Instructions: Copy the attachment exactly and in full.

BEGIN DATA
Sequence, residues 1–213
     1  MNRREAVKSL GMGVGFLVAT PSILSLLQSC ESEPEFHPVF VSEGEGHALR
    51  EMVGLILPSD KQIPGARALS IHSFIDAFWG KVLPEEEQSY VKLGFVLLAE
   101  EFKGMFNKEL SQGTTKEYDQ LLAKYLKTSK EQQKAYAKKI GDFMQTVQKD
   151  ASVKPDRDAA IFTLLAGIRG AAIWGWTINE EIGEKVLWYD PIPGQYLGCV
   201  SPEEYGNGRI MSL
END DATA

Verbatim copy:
Sequence, residues 1–213
     1  MNRREAVKSL GMGVGFLVAT PSILSLLQSC ESEPEFHPVF VSEGEGHALR
    51  EMVGLILPSD KQIPGARALS IHSFIDAFWG KVLPEEEQSY VKLGFVLLAE
   101  EFKGMFNKEL SQGTTKEYDQ LLAKYLKTSK EQQKAYAKKI GDFMQTVQKD
   151  ASVKPDRDAA IFTLLAGIRG AAIWGWTINE EIGEKVLWYD PIPGQYLGCV
   201  SPEEYGNGRI MSL